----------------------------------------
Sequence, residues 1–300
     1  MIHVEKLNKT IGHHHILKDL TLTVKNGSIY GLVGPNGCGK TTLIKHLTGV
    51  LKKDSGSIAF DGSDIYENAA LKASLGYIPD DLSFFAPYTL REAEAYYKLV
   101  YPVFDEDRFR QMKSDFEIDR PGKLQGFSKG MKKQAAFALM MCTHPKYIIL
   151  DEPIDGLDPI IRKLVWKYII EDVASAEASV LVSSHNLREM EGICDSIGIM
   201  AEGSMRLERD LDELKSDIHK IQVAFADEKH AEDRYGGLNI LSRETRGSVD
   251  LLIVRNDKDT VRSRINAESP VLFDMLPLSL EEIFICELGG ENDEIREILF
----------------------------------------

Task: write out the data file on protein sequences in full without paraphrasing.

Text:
Sequence, residues 1–300
     1  MIHVEKLNKT IGHHHILKDL TLTVKNGSIY GLVGPNGCGK TTLIKHLTGV
    51  LKKDSGSIAF DGSDIYENAA LKASLGYIPD DLSFFAPYTL REAEAYYKLV
   101  YPVFDEDRFR QMKSDFEIDR PGKLQGFSKG MKKQAAFALM MCTHPKYIIL
   151  DEPIDGLDPI IRKLVWKYII EDVASAEASV LVSSHNLREM EGICDSIGIM
   201  AEGSMRLERD LDELKSDIHK IQVAFADEKH AEDRYGGLNI LSRETRGSVD
   251  LLIVRNDKDT VRSRINAESP VLFDMLPLSL EEIFICELGG ENDEIREILF